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MoEF to do away with environmental clearance for mining minor minerals in areas less than 5 ha

10 Comments
Date:Nov 23, 2012

Jayanthi Natarajan asks officials to take stock in various states

The Union Ministry of Environment and Forests (MoEF) is planning to shift mining of minor minerals in areas less than five hectares (ha) into a category where no environmental impact assessment (EIA) will be required. 

The move comes after chief minister of Punjab, Prakash Singh Badal, met environment minister Jayanthi Natarajan on November 21 and apprised her about the shortage of construction materials in the state. He contended that this is leading to a delay in execution of several government and private projects. 

Soon after, at a press meet in Chandigarh, Badal reportedly made an announcement to this effect. 

An official from MoEF, on condition of anonymity, confirmed the news. According to him Natarajan has agreed to shift the mining of minerals in areas less than five hectares to Category B2 instead of Category B1, which attracts EIA. “The minister has instructed the secretary of MoEF to take stock of the scenario in Punjab as well as other states about mining of minor minerals in area less than five hectares and shift the mining of minor minerals accordingly,” added the official.  

Apart from stone and sand, brick manufacturers have been hit in Punjab following the Supreme Court directions upheld by the Punjab and Haryana High Court to not allow excavation of top soil for brick clay mining in Punjab and other states. On November 7, the Punjab and Haryana High Court dismissed a public interest petition seeking exemption of brick kilns from environmental clearance. The petition was filed on the behalf of brick kiln owners and stated that brick clay should be exempted from the ban. However, the court observed that there was no mechanism in place for issuing environmental clearance to the brick kilns in Punjab, which is true for other brick producing states, too. The brick kiln owners will launch a protest from November 23 against the move.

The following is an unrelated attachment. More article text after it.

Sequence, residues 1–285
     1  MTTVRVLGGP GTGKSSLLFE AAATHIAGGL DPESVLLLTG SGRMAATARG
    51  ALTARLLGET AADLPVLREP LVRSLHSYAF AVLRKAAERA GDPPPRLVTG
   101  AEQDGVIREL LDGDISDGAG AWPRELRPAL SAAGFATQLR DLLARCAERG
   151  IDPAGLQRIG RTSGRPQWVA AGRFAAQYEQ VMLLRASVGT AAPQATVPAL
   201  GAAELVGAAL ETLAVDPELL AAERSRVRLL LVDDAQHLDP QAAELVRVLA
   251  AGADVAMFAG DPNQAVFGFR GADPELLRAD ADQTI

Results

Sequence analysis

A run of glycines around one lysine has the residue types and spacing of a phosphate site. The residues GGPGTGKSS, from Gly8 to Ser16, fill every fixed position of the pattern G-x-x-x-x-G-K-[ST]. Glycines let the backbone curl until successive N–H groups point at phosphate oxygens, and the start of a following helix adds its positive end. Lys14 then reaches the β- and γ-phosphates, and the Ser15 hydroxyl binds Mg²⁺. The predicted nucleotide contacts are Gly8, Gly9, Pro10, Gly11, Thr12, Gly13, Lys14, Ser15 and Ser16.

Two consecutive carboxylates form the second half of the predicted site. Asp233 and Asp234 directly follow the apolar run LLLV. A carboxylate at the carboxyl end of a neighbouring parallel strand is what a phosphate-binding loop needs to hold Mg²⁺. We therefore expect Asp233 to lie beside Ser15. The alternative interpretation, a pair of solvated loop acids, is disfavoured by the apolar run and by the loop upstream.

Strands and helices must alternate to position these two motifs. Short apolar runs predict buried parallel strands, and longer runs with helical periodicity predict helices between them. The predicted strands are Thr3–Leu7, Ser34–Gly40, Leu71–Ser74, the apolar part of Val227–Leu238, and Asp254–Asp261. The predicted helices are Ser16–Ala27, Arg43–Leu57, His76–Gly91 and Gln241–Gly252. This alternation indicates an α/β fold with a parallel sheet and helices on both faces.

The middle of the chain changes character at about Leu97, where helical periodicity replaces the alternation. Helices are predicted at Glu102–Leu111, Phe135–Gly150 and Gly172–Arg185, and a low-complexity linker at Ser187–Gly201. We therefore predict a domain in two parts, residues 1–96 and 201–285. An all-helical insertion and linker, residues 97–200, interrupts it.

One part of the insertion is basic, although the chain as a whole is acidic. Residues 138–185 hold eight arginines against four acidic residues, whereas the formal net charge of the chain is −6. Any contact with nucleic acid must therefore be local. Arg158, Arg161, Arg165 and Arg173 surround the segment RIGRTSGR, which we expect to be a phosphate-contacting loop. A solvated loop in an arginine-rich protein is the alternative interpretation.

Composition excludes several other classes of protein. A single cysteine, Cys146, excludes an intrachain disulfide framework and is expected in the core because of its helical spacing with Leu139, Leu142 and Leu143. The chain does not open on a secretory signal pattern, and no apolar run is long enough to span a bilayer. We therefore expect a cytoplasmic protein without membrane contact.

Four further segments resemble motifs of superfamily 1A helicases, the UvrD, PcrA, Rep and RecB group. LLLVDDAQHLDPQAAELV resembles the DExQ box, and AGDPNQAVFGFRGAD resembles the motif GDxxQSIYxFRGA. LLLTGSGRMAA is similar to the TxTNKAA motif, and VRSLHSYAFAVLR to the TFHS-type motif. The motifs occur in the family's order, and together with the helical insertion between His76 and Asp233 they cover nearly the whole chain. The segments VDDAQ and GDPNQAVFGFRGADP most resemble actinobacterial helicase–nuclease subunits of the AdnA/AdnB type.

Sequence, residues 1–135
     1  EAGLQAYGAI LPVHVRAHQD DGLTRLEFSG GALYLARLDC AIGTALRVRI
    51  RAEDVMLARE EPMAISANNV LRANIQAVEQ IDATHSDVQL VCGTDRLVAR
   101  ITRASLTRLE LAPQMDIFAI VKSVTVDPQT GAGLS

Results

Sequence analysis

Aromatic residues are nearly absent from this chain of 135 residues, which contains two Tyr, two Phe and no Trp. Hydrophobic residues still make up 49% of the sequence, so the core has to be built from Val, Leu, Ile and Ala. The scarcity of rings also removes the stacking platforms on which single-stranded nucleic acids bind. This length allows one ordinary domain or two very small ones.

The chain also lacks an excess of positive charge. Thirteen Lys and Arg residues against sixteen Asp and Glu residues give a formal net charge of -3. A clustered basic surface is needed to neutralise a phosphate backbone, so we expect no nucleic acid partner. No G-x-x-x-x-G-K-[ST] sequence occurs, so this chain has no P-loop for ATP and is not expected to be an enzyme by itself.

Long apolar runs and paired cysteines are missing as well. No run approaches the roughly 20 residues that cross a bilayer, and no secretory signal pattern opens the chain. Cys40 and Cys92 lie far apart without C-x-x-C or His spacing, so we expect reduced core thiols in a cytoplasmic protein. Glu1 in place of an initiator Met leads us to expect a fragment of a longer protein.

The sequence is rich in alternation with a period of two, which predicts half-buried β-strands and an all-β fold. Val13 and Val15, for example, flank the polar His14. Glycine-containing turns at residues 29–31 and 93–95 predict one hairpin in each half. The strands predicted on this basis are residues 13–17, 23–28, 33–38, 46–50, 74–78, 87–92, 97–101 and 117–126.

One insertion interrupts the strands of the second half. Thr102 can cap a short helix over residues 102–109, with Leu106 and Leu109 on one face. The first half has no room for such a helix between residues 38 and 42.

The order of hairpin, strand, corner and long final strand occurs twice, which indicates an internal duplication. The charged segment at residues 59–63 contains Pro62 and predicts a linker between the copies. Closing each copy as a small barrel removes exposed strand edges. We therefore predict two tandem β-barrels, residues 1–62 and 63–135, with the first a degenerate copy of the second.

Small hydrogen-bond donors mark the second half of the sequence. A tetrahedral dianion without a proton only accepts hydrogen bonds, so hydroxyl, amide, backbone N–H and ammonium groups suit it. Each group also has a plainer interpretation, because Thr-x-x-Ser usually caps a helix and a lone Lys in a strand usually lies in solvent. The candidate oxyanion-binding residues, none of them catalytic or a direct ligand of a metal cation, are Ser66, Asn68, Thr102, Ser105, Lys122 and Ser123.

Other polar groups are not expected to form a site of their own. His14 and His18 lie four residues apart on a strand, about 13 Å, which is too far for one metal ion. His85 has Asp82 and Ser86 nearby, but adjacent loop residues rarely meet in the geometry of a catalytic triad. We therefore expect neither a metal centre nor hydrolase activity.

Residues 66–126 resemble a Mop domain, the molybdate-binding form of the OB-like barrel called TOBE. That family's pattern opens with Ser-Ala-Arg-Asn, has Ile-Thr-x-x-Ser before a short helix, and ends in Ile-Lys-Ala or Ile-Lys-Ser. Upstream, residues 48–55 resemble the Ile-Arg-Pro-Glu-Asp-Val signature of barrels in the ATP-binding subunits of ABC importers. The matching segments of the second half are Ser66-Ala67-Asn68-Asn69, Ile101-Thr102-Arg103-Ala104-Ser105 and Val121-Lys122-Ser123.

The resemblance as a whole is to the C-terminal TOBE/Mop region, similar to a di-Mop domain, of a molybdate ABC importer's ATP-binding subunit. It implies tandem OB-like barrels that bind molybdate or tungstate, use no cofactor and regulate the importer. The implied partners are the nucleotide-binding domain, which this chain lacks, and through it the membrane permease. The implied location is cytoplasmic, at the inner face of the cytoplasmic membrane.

According to All India Bricks and Tiles Manufacturers president, Arvinder Singh Chamak, MoEF has not clearly said anything about minor minerals during discussions with Punjab chief minister. “Nothing has emerged from these meetings between the ministers. We have approached the ministry of mines to exempt brick clay from environmental clearance. We will continue with the agitation as more 3,000 kilns in the state have been shut and workers are sitting idle,” he added.  

On the other hand, the Punjab government had forwarded EIA reports of 95 minor mineral quarry projects for approval to the MoEF in June 2012; the ministry rejected the leases of 89 in October. According to ministry sources, in most of the villages where such mining projects were proposed, the local residents objected to mining. 

As for bricks, besides extensive pollution, brick-making has caused extensive damage to agriculture in the region–a claim contested by brick manufacturers. A detailed project report of 2010 by Punjab State Council for Science and Technology, Energy Efficient Brick Kiln for the Production of Resource Efficient Bricks, states that 350 million tonnes of soil is consumed by brick industry annually in India from about 20,234 ha of agricultural land. 

 

AddThis

HOPE THAT THE GOVT WILL LISTEN TO THE VOICE OF THOSE LABOURS WHICH ARE DIRECTLY DEPENDENT ON THE BRICK INDUSTRY,AS THE SEASON IS NEARLY IN ITS HALF WAY, I WOULD URGE THE GOVT AND ASSOCIATION TO ACT FAST AND GIVE A CLEAR VIEW ABOUT THE STATUS OF THIS ACT

As it Will lead to the shortage of the brick, which is required as the basic material for the contruction, which ultimately result in increase in the prices of the bricks.

27 November 2012
Posted by
sandeep chaudhary